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Enough with the cable broadband monopoly myths

By 3 January 2011 6 Comments

Nearly a year late to the party, Nate Anderson repeats the myth that the FCC concluded that higher speed broadband is turning into a Cable DOCSIS 3.0 monopoly outside of Verizon FiOS fiber to the home (FTTH) territory because the fiber to the node (FTTN) VDSL2 technology used by other Telcos can’t compete.  This is wrong on many levels because the FCC didn’t make such a conclusion and FTTN can compete with Cable.

I asked Blair Levin (the man in charge of that National Broadband Plan) to clarify last April and he debunked the notion that any such conclusions had been drawn.  Furthermore, the more important metric is actual concurrent usage capacity and FTTN architecture does hold the upper hand on actual capacity.  I’ll repeat this explanation below Figure 1 which I’ve published on previous occasions.  Under higher usage loads which will be more common as video streaming like Netflix becomes more common, DOCSIS 3.0 has the least capacity even if they offer the fastest symbolic peak speeds.

UPDATE 1/4/2011 - In fairness to the Cable operators, I should clarify that the lower capacity doesn’t mean Netflix will break since Cable providers work to keep congestion low enough such that people rarely notice slowdowns even during peak usage.  Even a high definition Netflix stream at up to 4 Mbps probably won’t be affected by Comcast’s fair share network management scheme where the heaviest users may experience some throttling during peak usage times to make room for low bandwidth users.  Even if the bandwidth is temporarily halved from 12 Mbps to 6 Mbps, the Netflix stream will probably not be effected.  But if too many Netflix users occupy the same Cable loop, the cable provider will need to upgrade before users experience bitrate drops with Netflix.  The point I was making was that people shouldn’t automatically assume cable DOCSIS is the faster network and that Cable and FTTN are very competitive technologies.

Figure 1 – How broadband technologies compare under load

Figure 1 compares the potential bandwidth performance of broadband technologies on the access portion of the network.  It assumes 10 homes sharing an FTTH node and 150 homes sharing a DOCSIS 3.0 node.  Also note that the total capacity numbers are based on “signaling rates” and actual performance will be 10 to 20 percent lower due to overhead.  “Average user activity” indicates the average per subscriber bandwidth consumption and not the percentage of activity on the entire network.  So if we have 20% of cable broadband subscribers at 10% link utilization level and 80% of the subscribers idle, the average user activity of all subscribers is 2% link utilization.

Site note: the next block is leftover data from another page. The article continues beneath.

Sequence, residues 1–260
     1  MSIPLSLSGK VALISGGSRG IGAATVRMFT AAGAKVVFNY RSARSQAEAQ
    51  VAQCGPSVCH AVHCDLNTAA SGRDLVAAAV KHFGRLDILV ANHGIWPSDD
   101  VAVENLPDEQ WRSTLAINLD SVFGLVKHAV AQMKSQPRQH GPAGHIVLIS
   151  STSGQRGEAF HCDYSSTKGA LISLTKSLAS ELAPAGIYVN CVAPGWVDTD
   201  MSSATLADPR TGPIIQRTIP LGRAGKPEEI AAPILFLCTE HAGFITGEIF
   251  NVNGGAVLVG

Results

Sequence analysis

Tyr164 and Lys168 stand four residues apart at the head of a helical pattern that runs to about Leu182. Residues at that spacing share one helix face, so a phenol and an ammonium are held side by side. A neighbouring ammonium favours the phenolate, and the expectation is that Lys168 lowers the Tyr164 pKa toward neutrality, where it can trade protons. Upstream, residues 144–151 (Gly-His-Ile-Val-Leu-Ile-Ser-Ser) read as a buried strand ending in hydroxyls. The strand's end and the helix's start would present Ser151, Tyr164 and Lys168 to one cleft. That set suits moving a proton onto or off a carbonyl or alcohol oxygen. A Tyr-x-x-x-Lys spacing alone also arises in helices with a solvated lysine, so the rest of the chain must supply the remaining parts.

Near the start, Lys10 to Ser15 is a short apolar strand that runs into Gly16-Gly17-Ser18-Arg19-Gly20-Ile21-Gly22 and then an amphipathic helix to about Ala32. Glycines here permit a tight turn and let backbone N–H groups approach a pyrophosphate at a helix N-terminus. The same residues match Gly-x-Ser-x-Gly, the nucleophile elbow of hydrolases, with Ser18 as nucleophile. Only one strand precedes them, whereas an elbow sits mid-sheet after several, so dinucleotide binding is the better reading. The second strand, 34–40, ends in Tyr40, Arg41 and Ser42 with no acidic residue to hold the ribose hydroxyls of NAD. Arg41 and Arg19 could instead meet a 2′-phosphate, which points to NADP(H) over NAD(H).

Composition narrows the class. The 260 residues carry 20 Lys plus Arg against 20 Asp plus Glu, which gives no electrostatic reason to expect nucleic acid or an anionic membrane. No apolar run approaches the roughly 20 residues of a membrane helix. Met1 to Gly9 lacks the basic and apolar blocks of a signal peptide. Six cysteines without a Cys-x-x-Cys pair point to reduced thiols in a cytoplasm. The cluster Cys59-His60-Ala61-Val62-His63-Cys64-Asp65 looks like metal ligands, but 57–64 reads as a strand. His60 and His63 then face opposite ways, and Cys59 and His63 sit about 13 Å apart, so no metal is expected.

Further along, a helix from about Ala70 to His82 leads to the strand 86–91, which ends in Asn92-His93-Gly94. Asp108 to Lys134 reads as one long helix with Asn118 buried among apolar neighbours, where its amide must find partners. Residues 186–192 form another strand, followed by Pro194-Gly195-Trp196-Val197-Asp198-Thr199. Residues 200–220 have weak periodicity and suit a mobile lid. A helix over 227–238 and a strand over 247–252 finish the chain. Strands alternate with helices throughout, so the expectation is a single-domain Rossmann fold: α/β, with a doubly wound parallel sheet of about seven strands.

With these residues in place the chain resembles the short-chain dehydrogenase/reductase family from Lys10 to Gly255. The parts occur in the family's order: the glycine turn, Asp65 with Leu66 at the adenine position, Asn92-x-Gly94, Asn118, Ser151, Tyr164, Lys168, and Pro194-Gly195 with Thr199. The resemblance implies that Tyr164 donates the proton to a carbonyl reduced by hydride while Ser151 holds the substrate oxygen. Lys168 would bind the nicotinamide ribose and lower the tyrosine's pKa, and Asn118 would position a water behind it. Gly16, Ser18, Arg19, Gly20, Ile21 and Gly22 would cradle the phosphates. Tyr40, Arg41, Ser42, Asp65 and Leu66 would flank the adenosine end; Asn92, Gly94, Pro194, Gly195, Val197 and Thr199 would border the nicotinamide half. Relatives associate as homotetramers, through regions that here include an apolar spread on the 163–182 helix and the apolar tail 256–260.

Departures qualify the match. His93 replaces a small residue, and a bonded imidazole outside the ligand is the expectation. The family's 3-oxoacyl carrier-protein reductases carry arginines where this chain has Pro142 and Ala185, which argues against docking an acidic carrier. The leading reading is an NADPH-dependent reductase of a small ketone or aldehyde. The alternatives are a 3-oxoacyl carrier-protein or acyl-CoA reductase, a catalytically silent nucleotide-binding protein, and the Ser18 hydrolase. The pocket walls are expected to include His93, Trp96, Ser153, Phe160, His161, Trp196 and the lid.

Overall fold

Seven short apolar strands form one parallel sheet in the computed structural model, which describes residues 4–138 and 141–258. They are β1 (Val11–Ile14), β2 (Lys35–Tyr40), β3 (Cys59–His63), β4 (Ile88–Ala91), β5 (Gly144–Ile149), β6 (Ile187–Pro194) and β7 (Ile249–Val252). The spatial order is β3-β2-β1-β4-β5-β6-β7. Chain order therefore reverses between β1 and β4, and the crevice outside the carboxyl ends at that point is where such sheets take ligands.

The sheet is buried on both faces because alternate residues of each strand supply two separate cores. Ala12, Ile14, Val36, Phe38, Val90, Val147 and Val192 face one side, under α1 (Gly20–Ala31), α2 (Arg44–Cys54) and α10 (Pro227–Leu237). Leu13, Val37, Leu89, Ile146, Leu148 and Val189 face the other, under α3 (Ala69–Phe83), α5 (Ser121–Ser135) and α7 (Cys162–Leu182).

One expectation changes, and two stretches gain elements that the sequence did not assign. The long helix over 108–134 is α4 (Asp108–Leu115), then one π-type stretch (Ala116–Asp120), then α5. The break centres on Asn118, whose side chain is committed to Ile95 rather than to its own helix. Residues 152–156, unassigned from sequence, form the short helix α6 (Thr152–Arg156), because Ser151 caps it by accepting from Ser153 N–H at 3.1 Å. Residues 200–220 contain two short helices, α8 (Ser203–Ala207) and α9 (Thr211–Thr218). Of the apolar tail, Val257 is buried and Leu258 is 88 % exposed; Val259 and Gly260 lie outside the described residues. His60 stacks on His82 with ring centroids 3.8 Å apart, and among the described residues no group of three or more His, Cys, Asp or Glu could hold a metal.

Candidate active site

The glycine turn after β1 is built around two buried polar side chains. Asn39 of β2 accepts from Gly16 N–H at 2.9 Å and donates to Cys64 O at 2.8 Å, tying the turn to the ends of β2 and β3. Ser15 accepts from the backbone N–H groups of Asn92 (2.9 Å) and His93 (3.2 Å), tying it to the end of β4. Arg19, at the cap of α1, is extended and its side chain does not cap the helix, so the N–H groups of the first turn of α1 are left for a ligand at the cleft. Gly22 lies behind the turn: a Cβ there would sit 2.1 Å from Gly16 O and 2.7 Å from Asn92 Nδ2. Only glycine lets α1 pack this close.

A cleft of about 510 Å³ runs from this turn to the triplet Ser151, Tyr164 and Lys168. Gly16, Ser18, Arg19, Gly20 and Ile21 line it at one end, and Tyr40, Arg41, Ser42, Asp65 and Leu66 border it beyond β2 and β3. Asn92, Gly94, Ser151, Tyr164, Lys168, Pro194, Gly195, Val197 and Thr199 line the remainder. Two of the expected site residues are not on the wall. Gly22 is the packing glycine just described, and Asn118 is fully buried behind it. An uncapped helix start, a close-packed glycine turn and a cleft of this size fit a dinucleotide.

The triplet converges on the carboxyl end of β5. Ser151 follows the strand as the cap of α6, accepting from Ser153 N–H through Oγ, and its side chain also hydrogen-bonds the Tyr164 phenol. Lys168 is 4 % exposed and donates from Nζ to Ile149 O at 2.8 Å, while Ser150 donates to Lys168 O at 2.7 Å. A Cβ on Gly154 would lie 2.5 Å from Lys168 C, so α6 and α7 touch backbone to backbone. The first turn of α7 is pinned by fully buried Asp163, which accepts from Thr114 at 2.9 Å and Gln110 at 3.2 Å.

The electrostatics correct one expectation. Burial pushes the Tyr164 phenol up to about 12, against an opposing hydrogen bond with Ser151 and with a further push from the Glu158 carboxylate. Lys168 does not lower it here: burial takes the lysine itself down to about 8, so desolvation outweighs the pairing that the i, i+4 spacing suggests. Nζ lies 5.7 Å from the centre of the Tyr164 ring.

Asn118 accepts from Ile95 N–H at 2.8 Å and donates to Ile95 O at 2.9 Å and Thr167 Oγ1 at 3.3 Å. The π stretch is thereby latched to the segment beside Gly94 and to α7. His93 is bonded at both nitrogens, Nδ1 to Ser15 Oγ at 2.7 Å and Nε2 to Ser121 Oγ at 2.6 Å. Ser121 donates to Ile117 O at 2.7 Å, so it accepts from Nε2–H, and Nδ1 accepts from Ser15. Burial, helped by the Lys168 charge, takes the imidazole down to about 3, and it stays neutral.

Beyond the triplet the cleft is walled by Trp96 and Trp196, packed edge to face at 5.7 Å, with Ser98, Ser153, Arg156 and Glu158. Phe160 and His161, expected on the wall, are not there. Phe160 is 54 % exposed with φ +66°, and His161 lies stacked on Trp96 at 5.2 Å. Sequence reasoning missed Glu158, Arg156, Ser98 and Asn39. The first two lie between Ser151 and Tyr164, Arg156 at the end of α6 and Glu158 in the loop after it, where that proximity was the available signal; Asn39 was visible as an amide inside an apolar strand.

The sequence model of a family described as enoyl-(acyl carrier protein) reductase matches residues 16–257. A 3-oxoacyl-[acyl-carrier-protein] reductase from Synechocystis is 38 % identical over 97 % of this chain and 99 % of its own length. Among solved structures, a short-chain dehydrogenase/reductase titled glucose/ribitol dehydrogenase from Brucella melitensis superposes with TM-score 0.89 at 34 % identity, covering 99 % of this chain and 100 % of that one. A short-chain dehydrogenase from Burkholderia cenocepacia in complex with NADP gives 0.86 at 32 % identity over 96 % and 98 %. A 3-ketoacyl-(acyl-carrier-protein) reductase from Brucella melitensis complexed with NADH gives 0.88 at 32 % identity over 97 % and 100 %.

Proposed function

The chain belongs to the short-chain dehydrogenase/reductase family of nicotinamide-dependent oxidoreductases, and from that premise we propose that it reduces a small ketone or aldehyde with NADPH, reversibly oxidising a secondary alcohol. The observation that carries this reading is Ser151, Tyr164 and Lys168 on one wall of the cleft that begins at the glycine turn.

Cable operators will always be able to offer higher peak speeds than copper networks which means cable will have a monopoly on bragging rights over copper based broadband services.  That does not translate to a monopoly over any significant percentage of the broadband market much less the entire broadband market.  Telco operators will continue to be able to offer substantially higher minimum guaranteed speeds even under high neighborhood usage levels.  This is one of the main reasons Telco operators didn’t need to deploy BitTorrent throttling technologies like their cable competitors.

It’s also noteworthy that FTTN technology will continue to offer increasingly fast peak speeds and AT&T has steadily ramped up to 24 Mbps with their “U-verse” branded product.  That confirms that most of AT&T’s FTTN footprint is well over 25 Mbps and more likely 32 Mbps.  This is using a single cable pair and the Telcos can easily leverage two pairs and nearly double capacity when they need to compete in the 50 Mbps market, when more than a few percent of broadband subscribers want the service.

As signal processing technology improves in copper technology, FTTN speeds will steadily climb to 100 Mbps and beyond.  We already have technology called vectoring that can create a third virtual cable pair that can nearly triple FTTN speeds.  These developments will keep FTTN competitive to DOCSIS 3.0 for all but the symbolic bragging rights market for some time to come.


6 Comments »

  • Tech at Night: The New Year Begins | RedState said: